Passers-by who spotted David Cameron at a pavement cafe in London the day after he stepped down as Prime Minister said he looked “so relaxed and so young, like a new person”.
He was joined by George Osborne, the booted out chancellor and both their families and could well have been thinking: “This is the first day of the rest of my life.”
Enoch Powell’s famous maxim that all political careers end in failure has been proved true in spectacular fashion with the abrupt departure of Cameron. He left Number 10 so quickly he had no home to go to and has ended up living, temporarily, in the £17 million mansion of a friend.
You can see why people have little sympathy with his plight – ex PMs don’t have to slum it like the rest of us when they lose their jobs.
However, it must be galling to have to depart, usually against their will, when they (think they) have so much left to do. Margaret Thatcher cried and Gordon Brown, walking from Downing Street with his young sons, was a study in poignancy.
Cameron, who most will agree engineered his own exit with his gamble on Brexit, was hoping to hang on until September. He had a trip to Balmoral pencilled in the diary and a final G8 summit in China, his last chance to hone his legacy.
In America, it’s more clear-cut. Barring a disaster like Nixon’s, presidents serve their allotted terms and are even given a couple of months to pack up before the new incumbent is inaugurated.
British premiers are treated less ceremoniously. These days that usually means when you’re out, you’re out.
It used to be possible to lose an election and still go on to fight another.
The same goes for party leaders. Neil Kinnock contested the 1983 and 1987 general elections for Labour, whereas Ed Miliband got just one shot and, we can safely say, will never get another.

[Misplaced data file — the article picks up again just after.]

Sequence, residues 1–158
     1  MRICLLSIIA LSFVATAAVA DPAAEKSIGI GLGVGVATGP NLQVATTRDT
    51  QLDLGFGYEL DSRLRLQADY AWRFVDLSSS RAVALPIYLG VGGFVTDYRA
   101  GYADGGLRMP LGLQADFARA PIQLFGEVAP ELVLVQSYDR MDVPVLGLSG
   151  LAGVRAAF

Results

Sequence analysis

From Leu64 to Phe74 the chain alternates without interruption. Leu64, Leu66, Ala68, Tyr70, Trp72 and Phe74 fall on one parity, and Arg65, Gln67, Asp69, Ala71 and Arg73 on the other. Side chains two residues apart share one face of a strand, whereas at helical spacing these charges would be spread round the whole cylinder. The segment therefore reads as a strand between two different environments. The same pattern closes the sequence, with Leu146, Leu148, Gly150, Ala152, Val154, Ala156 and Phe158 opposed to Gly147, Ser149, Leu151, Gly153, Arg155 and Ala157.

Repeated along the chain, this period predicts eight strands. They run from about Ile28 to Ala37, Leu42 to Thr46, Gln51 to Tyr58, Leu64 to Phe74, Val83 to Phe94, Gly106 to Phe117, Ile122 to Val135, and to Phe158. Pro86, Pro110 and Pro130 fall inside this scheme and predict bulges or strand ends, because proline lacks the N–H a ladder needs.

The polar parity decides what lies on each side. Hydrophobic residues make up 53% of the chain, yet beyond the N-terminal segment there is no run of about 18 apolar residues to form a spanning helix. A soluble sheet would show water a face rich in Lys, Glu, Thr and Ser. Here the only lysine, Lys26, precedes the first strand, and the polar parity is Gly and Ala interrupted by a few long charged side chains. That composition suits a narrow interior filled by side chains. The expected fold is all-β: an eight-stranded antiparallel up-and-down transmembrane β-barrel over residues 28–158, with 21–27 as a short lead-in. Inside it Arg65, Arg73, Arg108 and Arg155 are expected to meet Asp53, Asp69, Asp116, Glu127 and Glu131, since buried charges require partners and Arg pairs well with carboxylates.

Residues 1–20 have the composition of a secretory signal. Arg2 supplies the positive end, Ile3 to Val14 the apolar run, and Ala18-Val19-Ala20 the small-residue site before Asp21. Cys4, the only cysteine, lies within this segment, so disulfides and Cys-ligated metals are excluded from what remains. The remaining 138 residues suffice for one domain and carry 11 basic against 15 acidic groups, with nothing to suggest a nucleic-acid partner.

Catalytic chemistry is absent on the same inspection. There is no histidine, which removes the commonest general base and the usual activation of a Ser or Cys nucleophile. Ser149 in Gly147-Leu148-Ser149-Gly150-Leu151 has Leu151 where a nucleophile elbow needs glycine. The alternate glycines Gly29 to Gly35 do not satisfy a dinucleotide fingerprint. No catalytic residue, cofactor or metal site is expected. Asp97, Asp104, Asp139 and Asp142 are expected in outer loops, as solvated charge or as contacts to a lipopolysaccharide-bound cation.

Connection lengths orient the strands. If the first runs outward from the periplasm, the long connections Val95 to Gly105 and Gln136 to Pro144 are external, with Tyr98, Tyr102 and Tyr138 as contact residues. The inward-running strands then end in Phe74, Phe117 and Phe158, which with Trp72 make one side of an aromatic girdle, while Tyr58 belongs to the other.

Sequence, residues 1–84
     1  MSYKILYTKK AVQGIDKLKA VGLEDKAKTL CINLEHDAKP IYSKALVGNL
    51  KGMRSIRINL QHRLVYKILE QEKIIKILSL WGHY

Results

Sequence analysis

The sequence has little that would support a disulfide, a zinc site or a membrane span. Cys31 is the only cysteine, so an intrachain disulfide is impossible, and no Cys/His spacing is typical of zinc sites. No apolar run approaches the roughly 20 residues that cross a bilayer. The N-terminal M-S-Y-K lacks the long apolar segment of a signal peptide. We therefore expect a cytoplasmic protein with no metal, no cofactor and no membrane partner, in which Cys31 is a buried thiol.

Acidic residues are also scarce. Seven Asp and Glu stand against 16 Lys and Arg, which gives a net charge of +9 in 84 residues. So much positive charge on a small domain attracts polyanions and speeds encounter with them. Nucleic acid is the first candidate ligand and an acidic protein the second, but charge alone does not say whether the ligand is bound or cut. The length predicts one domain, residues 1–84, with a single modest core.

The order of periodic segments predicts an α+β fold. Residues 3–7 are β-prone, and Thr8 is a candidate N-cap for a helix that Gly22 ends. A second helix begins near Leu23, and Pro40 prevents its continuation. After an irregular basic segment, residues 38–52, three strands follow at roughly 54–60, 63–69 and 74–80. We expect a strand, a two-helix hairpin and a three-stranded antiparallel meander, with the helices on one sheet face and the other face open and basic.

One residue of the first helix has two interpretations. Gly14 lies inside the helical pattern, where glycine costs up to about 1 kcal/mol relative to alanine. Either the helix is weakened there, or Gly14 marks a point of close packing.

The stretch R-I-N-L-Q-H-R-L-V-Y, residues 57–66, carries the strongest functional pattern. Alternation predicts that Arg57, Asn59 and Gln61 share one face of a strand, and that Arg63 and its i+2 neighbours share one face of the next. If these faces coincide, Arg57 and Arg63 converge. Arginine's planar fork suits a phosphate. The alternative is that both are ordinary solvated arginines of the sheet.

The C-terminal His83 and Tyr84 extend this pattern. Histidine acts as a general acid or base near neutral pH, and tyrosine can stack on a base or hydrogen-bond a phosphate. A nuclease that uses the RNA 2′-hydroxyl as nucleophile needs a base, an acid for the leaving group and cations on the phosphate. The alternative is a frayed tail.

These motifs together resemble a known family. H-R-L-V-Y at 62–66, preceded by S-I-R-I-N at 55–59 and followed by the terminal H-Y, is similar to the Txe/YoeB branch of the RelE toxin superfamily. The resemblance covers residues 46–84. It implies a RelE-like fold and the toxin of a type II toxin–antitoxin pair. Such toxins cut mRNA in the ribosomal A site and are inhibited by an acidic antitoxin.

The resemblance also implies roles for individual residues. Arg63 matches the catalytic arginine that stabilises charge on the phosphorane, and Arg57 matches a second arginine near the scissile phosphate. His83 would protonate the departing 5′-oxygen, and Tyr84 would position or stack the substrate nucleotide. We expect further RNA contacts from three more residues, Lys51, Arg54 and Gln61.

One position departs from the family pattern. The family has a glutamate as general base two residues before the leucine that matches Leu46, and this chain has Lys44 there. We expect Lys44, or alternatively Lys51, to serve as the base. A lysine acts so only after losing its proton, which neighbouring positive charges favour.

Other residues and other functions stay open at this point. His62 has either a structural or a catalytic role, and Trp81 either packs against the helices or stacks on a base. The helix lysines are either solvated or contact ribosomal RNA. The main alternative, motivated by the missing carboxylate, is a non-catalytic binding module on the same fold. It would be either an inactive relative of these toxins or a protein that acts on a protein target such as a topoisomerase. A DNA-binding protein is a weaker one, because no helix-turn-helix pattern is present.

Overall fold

But there is life outside the highest office in the land and money, especially for those prepared to travel. Tony Blair, vilified at home, remains respected around the world and is said to have made millions on the lecture circuit.
John Major, admired more now than he ever was as Prime Minister, has entered the rewarding sphere of the elder statesman, most recently sought out for his views on Europe.
Even former First Ministers can trade on their political heyday. Look at Henry McLeish, who has managed to secure a prestigious academic post in the US despite having nothing of worth to say about politics here, let alone there.
Some find it harder to quit the political stage altogether. Alex Salmond has been uncomfortable since losing the 2014 independence referendum and with it all his power. As a backbench MP he is still in the game but not really at the races.
Political comebacks are obviously easier for mere ministers, as Theresa May has demonstrated with her cabinet reshuffle, hastily resurrecting Boris Johnson and Andrea Leadsom.
William Hague failed as leader of the Conservatives but went on to become a highly regarded Foreign Secretary. And Kinnock found a lucrative calling in Brussels once he accepted the British public would never warm to him.
But what will Cameron do? He is young, not yet 50 and an undoubted star of his party. He had already said he would not battle a third general election but he didn’t plan to exit this early.
A much older prime minister showed there is victory in defeat. Winston Churchill might have lost the general election in 1945 but he maintained his role as party leader and also his international influence.
One of his best speeches – “An iron curtain has descended across the Continent” – was made not from the despatch box in the House of Commons but in Fulton, Missouri, in 1946, when he was out of office.
He was 76 when he became prime minister again in 1951. He had survived wilderness periods before, sustained by cigars and champagne but could a modern day figurehead entertain thoughts of a second coming?
Churchill had hero-like status, while Cameron, though not hated as much as other recent ex PMs, is hardly in the same mould. But if he does make a useful backbench contribution and if the May government comes unstuck, his party may recall his two election wins fondly and rescue him from oblivion.
In the meantime, returning to normal life will not be without its challenges. His new neighbours are already complaining about the security detail that will accompany him forever and it will be almost impossible for him to keep a low profile.
Prime ministers face daily tests of character but perhaps no test is as great as (in Cameron’s words) having their future behind them.